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When in Rome speak Roman? Yes, "Let's REN-dezz-voose at the high sih-CHOO-ell (as in choo choo train)" I think if you're an American player below 2000, it really doesn't matter how you pronounce fianchetto. But, once you become a really good player, then do as the international chess community does. At the master level, the only proper way to ...


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Yes; this is called attraction. In this position, the White bishop attracts the Black king to f7 in order for the f3 knight to give check on e5, forking the king and bishop. This combination wins White two pawns.


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"If you want to determine whether a player is in check", then consider each opposing unit in turn. If it observes the turn player's king, the turn player is in check. Andrew's answer goes some way to explaining how one might do this, but missed the subtlety that an enemy line-piece's line of attack on the turn player's king might be obstructed by ...


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According to the Saint Louis Chess Club: National Events. Co-sponsored by the USCF, these events offer official U.S. titles and most are open to bidding by USCF affiliates. (Meaning that any affiliate - such as a club or organization holding USCF affiliation - may make a bid to host these tournaments.) Grand Prix. Major events, usually open to all, ...


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In PDB the keyword "Lenkung" in German ("steering" in English) is used for the tactic of White forcing Black to move a unit to a specific square where White wants it to be. "Steering" has wider usage than what the OP seeks. For one thing, this square might or might not be a black king-flight. For another, in some cases the ...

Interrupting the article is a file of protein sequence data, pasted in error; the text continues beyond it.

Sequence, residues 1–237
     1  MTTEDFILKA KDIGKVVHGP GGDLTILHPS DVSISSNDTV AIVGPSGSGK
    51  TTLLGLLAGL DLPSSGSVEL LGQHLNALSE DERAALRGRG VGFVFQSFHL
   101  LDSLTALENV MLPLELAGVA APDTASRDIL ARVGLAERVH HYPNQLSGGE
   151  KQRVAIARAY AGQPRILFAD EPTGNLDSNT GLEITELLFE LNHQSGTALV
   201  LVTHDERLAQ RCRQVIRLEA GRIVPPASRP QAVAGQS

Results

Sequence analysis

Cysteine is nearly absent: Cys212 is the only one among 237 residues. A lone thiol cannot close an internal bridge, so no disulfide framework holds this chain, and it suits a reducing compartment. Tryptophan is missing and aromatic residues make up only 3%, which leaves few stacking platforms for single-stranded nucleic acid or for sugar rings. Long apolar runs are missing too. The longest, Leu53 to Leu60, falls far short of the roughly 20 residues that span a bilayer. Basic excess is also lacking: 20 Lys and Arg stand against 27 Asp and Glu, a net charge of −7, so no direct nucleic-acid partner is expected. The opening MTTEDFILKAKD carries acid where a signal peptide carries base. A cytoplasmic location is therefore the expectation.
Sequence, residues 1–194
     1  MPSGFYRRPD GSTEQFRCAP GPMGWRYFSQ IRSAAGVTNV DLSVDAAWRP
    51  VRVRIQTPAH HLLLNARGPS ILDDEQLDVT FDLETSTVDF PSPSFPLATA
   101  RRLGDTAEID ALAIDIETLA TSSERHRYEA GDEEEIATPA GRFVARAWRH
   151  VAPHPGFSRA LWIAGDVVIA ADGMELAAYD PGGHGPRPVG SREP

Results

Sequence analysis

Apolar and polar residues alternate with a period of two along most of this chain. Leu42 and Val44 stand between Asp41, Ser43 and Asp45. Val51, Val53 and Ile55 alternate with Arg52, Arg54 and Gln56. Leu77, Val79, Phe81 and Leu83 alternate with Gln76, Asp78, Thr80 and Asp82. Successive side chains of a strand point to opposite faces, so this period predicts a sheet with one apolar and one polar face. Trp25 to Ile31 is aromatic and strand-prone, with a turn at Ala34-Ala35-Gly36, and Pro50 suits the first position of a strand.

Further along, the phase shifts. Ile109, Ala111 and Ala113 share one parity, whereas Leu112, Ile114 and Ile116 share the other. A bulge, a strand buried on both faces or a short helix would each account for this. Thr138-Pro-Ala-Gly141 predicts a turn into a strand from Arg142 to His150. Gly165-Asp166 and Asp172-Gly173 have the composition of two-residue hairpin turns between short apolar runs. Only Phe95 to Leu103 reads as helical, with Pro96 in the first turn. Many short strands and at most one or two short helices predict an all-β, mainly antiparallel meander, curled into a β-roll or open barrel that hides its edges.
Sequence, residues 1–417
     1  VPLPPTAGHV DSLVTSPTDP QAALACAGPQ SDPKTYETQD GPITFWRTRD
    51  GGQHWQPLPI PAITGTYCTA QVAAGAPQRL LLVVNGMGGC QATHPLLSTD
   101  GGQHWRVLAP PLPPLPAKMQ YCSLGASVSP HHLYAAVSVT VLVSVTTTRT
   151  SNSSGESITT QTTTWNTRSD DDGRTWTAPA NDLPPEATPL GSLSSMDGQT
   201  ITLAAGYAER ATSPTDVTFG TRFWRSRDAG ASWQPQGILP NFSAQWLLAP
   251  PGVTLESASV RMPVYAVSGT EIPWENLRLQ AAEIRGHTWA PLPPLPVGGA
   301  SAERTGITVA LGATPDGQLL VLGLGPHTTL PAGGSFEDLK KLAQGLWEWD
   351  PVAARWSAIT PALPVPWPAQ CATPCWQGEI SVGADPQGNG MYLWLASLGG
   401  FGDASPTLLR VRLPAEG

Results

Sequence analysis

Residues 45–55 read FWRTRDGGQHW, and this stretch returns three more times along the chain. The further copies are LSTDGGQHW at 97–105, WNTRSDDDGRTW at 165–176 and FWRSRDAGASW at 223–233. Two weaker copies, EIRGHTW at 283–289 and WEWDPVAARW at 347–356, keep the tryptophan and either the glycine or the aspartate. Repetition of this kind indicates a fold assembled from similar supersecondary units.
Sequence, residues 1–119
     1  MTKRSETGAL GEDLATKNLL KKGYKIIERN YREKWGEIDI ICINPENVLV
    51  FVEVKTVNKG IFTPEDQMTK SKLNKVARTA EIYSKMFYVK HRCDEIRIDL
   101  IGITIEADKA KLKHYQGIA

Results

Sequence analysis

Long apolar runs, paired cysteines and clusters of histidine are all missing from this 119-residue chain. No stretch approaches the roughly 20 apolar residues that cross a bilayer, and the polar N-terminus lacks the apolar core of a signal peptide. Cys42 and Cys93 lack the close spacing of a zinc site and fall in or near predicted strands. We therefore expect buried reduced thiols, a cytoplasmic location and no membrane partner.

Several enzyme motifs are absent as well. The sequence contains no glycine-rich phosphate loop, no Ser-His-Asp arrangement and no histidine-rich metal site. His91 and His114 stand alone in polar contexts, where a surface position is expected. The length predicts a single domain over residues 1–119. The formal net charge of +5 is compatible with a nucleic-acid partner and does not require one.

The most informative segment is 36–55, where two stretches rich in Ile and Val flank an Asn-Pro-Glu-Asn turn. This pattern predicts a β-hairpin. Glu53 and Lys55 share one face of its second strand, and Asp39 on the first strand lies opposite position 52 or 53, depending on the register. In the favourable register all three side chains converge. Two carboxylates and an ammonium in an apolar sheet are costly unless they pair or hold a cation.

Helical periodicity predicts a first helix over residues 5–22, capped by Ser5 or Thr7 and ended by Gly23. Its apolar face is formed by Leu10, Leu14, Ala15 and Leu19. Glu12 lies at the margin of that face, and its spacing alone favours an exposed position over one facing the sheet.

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Your troubles might stem from the fact that all pawns are hookable, loosely speaking. I thus define strictly operational: A pawn hook is a pawn in a position that allows the opponent to advance an own pawn, and open a file for its rooks by a capture. Now consider D.M.'s two positions and the h hook exploited by storming with the g pawn. As soon as the hook &...


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We can ask how effectively the castled King is guarded by the pawns in front of it. For simplicity of notation consider only short castling, with White on the attack, but all the ideas apply to long castling and Black attackers as well. At the beginner level, the advice is often given to leave the f7,g7 and h7 pawns where they are. The logic is that this ...


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Here's a position from one of my games. I'm playing White versus a master: [FEN "r2qk1nr/pp2bp2/2p1p2p/3pPnp1/1P6/P1N2N2/2P2PPP/R1BQR1K1 b kq - 0 11"] [White "D M"] 1... g4 This position isn't great for me, but his pawn storm really isn't all that strong. But imagine if I had a pawn on h3 instead of h2. [FEN "r2qk1nr/pp2bp2/2p1p2p/...


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